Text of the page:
Anyway, she turned to me and asked me how it felt to hold others back because I wasn’t quick when it came to making sandwiches and cleaning up. My boss then asked three others to give examples of my “poor” performance in front of everyone. I ended up crying out of sheer embarrassment and was asked to leave the meeting. It bothered me for days and kept me up at night for a few weeks. It’s still such a vivid memory…no one has ever made me feel so low before in my entire life. Of course at a damn Subway lol
In order to make sure you don’t get into a toxic workplace with a boss you won't be able to handle, Mitterbauer’s advice is to find out about the company culture as early as you can. Even in the interview stage.
“Before you even accept a job in a new company, try to get an honest feel for how the culture is. You can do this by asking the interviewer, but better still is to ask to spend some time with people working for the company. Ideally, in a similar position to the one you’re applying for. Looking online for reviews such as on Glassdoor can also be very revealing,” the career coach explained.
Manager called a store meeting to discuss how sick calls were costing us big time. Said, "everyone one who calls out costs our store $10,000 a day in lost sales." My man straight up told everyone how valuable their labor was to the company, in stark contrast with how much we actually made per day.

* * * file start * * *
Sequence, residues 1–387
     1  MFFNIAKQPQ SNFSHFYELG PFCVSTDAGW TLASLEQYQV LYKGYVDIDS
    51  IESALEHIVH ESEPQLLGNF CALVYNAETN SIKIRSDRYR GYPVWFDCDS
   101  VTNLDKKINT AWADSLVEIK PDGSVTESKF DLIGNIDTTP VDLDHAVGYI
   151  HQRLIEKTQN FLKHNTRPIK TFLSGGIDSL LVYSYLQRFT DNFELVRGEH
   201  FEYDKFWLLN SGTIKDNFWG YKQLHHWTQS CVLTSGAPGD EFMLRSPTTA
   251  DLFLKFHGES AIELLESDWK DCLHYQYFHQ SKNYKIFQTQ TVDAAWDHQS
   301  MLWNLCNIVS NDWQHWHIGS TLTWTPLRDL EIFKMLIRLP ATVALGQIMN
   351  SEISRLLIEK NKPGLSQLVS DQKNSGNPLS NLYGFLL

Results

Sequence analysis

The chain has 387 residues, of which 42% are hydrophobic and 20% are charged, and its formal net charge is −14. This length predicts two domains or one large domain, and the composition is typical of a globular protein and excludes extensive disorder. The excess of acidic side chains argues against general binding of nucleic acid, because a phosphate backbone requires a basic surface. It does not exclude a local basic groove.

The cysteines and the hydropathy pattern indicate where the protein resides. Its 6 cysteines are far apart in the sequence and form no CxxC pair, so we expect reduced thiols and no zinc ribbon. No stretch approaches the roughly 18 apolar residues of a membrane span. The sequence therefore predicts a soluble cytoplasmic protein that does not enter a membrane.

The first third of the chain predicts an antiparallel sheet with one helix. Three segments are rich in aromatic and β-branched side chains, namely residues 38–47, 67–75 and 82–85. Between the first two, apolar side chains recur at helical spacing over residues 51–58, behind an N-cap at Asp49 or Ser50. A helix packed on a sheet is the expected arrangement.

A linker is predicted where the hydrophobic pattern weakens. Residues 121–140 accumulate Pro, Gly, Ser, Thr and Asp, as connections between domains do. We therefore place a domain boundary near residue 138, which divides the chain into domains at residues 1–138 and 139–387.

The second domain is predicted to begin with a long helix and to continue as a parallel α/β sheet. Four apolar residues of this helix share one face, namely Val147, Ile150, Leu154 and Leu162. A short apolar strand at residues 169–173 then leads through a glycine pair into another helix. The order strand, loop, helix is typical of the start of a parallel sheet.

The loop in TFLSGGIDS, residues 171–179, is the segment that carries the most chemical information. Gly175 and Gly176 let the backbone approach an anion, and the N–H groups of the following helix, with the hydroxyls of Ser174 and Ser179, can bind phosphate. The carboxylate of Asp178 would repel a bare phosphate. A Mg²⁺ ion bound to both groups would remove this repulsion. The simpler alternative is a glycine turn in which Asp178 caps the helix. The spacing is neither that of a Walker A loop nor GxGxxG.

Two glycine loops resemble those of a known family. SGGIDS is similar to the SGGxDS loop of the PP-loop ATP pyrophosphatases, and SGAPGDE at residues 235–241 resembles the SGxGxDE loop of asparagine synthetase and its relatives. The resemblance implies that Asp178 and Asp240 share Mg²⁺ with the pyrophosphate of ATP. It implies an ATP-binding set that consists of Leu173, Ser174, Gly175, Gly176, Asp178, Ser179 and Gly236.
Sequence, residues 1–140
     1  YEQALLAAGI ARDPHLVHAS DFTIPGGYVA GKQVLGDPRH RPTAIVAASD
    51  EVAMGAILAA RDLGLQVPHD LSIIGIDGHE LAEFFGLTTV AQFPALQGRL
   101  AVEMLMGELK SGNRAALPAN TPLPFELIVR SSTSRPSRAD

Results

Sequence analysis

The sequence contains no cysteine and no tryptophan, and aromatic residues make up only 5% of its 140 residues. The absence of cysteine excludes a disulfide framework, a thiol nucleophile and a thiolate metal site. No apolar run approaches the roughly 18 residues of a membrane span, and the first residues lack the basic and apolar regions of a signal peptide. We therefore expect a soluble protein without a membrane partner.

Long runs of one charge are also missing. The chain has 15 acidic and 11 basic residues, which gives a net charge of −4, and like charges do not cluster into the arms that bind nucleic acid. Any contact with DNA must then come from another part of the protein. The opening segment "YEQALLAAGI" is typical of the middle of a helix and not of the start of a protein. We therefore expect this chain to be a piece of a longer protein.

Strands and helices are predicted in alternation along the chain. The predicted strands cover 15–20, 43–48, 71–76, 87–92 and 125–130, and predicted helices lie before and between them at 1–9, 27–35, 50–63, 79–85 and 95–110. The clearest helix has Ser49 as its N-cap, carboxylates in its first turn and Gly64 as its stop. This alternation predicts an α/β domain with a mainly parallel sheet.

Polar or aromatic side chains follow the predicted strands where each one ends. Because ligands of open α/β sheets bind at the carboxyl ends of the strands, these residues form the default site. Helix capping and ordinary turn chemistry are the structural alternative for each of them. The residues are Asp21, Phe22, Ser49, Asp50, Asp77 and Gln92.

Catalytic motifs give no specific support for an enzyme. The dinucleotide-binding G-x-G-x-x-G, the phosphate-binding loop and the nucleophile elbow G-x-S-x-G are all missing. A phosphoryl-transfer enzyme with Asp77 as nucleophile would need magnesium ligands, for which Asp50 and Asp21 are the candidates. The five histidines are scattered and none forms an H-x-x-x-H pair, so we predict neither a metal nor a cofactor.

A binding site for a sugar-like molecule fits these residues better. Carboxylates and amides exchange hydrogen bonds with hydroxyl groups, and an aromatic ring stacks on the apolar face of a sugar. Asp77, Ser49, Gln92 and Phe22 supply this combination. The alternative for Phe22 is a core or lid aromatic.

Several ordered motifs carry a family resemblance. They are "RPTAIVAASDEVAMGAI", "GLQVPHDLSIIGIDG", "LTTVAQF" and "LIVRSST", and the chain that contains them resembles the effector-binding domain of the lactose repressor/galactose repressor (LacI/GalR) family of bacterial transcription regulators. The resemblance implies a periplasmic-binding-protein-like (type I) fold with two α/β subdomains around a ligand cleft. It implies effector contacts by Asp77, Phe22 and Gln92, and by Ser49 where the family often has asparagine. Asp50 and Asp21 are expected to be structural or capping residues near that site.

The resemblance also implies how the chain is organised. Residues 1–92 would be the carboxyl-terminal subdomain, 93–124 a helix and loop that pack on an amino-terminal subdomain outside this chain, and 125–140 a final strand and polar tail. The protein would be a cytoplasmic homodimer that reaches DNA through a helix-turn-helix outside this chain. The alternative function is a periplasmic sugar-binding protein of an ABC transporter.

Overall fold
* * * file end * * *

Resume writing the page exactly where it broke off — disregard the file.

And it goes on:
“You aren’t worth the paycheck we give you “.
I was working 70 hours a week, turning unprofitable divisions profitable for the first time ever in the history across all brands. Developed and Ran the quality control process for a domestic manufacturer. Also did product development ma management for the s**te brands the big boss couldn’t be bothered to deal with ( mine sold better with fewer issues in the market). Traveled the trade show circuit 5-8 months a year for 5 years, chumming it up with local work crews and unions so we weren’t paying expo center rates for booth set up, carpet, power, “entertainment” and other cost cutting measures.
I asked for a raise because I was making minimum wage (early 1990s) and living in nyc. I was paying for groceries w a credit card.